The University of New Hampshire School of Law’s Franklin Pierce Center for Intellectual Property hosted its Sixth Annual Intellectual Property Scholars’ Roundtable on Oct. 7 and 8, 2016, welcoming law professors from institutions throughout the country to discuss research and scholarship in intellectual property. The event is an annual highlight for the Franklin Pierce Center, as the intimate size and casual format encourage collaboration through the sharing of creative ideas and viewpoints.
The first day began with opening remarks from Ann Bartow, Director of the Franklin Pierce Center for Intellectual Property, as well as Margaret McCabe, Associate Dean of Academic Affairs at UNH Law. Opening day presentations included: Jake Linford of Florida State University College of Law, who presented “Scarcity of Attention in a World Without Copyright;” Rachel E. Sachs of Washington University School of Law, who presented “The Unpatentable Microbiome;” Llewellyn Joseph Gibbons, who presented “Boldly Not Going Where We Have Gone Before: The Principles of the Law of Software Contracts;” W. Nicholson Price II of University of Michigan Law School, who presented “Competing Incentives in Early Biomedical Innovation;” Ari Ezra Waldman of New York Law School, who presented “Trickle Up/Down Privacy;” Sarah Wasserman Rajec of William and Mary Law School, who presented “In Rem in IP;” and Alexandra Roberts of UNH Law, who presented “Failure to Function, Or What We Talk About When We Talk About “Use as a Mark.”
The second day was led off by Joseph Scott Miller of University of Georgia Law School, who presented “Reasonably Certain Claim Scope After Teva, Nautilus, and Festo.” Miller was followed by: Ryan Gabriel Vacca of University of Akron School of Law, who presented “Percolating Intellectual Property Law through Circuit Stewardship: Empirical and Jurisprudential Analysis of En Banc Review;” Tonya M. Evans of Widener University School of Law, who presented “User ‘Safer Harbor’ from Statutory Damages: Remixing the DOC’s IP Task Force White Paper;” Jeremy Bock of the Cecil C. Humphreys School of Law at the University of Memphis, who presented “Behavioral Claim Construction;” and Roger Allan Ford of UNH Law, who presented “The Uneasy Case for Patent Federalism.” Yvette Joy Liebesman of St. Louis University School of Law was a featured commentator at the event.
After the Roundtable ended, a number of participants were able to enjoy the setting of New Hampshire in autumn, as both the weather and foliage display were excellent.
Additional events hosted by the Franklin Pierce Center for Intellectual Property:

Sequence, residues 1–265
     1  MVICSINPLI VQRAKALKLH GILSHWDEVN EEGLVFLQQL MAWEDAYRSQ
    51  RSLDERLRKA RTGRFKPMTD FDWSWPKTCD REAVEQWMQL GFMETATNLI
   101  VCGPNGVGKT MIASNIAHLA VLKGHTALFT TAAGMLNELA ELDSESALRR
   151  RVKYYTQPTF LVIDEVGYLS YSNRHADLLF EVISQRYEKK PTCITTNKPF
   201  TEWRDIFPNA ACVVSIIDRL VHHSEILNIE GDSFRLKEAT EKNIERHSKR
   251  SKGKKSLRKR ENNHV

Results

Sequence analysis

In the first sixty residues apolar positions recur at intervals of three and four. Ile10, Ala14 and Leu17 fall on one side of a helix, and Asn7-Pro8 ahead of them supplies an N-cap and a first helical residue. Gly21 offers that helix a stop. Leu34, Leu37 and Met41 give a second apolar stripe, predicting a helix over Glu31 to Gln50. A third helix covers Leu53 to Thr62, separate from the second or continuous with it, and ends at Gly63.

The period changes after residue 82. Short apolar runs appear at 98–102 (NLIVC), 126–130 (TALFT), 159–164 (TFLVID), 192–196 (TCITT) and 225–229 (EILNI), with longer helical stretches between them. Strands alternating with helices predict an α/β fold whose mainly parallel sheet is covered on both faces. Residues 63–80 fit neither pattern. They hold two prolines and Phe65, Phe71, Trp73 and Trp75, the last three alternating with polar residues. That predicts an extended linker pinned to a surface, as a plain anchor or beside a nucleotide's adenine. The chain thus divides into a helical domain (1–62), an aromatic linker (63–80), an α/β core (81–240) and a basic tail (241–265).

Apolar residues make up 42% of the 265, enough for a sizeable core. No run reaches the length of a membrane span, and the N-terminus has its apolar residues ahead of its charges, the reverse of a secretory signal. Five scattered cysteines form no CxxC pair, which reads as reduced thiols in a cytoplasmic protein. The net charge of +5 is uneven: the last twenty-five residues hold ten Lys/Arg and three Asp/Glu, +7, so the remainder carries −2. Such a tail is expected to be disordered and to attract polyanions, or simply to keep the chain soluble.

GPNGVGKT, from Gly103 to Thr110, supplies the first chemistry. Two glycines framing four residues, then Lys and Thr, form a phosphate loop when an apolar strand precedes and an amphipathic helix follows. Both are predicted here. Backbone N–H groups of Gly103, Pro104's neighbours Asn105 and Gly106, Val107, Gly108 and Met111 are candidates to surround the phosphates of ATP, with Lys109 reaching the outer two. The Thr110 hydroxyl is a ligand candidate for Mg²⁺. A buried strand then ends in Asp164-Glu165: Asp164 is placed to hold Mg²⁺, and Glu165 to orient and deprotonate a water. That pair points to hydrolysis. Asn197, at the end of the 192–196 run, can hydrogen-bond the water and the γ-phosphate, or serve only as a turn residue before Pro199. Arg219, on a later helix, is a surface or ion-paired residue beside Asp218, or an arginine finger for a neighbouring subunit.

O’Bannon Takes a Stand: Amateurism & the Case Against the NCAA: UNH Law and the Franklin Pierce Center for Intellectual Property played host to Ed O’Bannon as he spoke publicly for the first time on his historic case against the NCAA as part of a symposium on Thursday, Nov. 17. The event featured a one-on-one interview with the former UCLA basketball star by UNH Law professor and Sports Illustrated Legal Analyst Michael McCann, followed by a panel discussion and networking reception. Panelists included College Athletes Players Association (CAPA) Board of Directors member Luke Bonner, Western New England Law Professor Erin Buzuvis, Attorney Alan Milstein of Sherman Silverstein, Lawyer and UNH Associate Director of Compliance De-Neita Peoples, and Attorney Exavier Pope of Pope Law Firm. The symposium was moderated by UNH Law Professor Michael Dube. The event was co-sponsored by the UNH Law Sports and Entertainment Law Institute and Sports and Entertainment Law Society.
Opposing Angles: Trademark Law and the First Amendment; The Slants: Concert and Conversation: These events held April 20 and April 24, respectively, highlighted the dance rock band The Slants and their challenge of the Lanham Act in a significant trademark case that reached the U.S. Supreme Court. Opposing Angles was a panel discussion featuring panelists Kevin Blackistone, ESPN Commentator and Professor of Journalism; Marc Randazza, First Amendment Attorney and Commentator on CNN and Fox News (Amici in Lee v. Tam); UNH Law’s Alexandra Roberts, Trademark and Entertainment Law Professor; and Peter Foley, IP Issues in Sports & Entertainment Law Adjunct Professor; as well as moderator Roger Ford of UNH Law. The Concert was held at True Brew Barista in downtown Concord (in conjunction with the Rock On Foundation) and featured a performance by The Slants, as well as a conversation surrounding the landmark case.
Annual Lunch & Learn Series: This annual series of intellectual property law presentations and discussions again featured academic IP leaders from around the country, including incoming UNH Law faculty member Tonya Evans, who presented “203 Termination Rights: All Hype or Finally Ripe?” on March 23. Other Lunch and Learn discussions included “The Wolves of the World Wide Web: An Empirical Study of Social Media Contracting Practices,” featuring Michael Rustad, the Thomas F. Lambert Jr. Professor and Co-Director of the Intellectual Property Law Concentration at Suffolk University Law School in Boston (April 18); “The Branding of the American Mind: How Universities Capture, Manage, and Monetize Intellectual Property and Why It Matters,” featuring Jacob Rooksby, Associate Dean of Administration and Assistant Professor of Law at Duquesne University in Pittsburgh (February 15); and “Copyright Law & New Technologies: The DMCA Story,” featuring Brad Greenberg, counsel for policy and international affairs at the U.S. Copyright Office (November 10).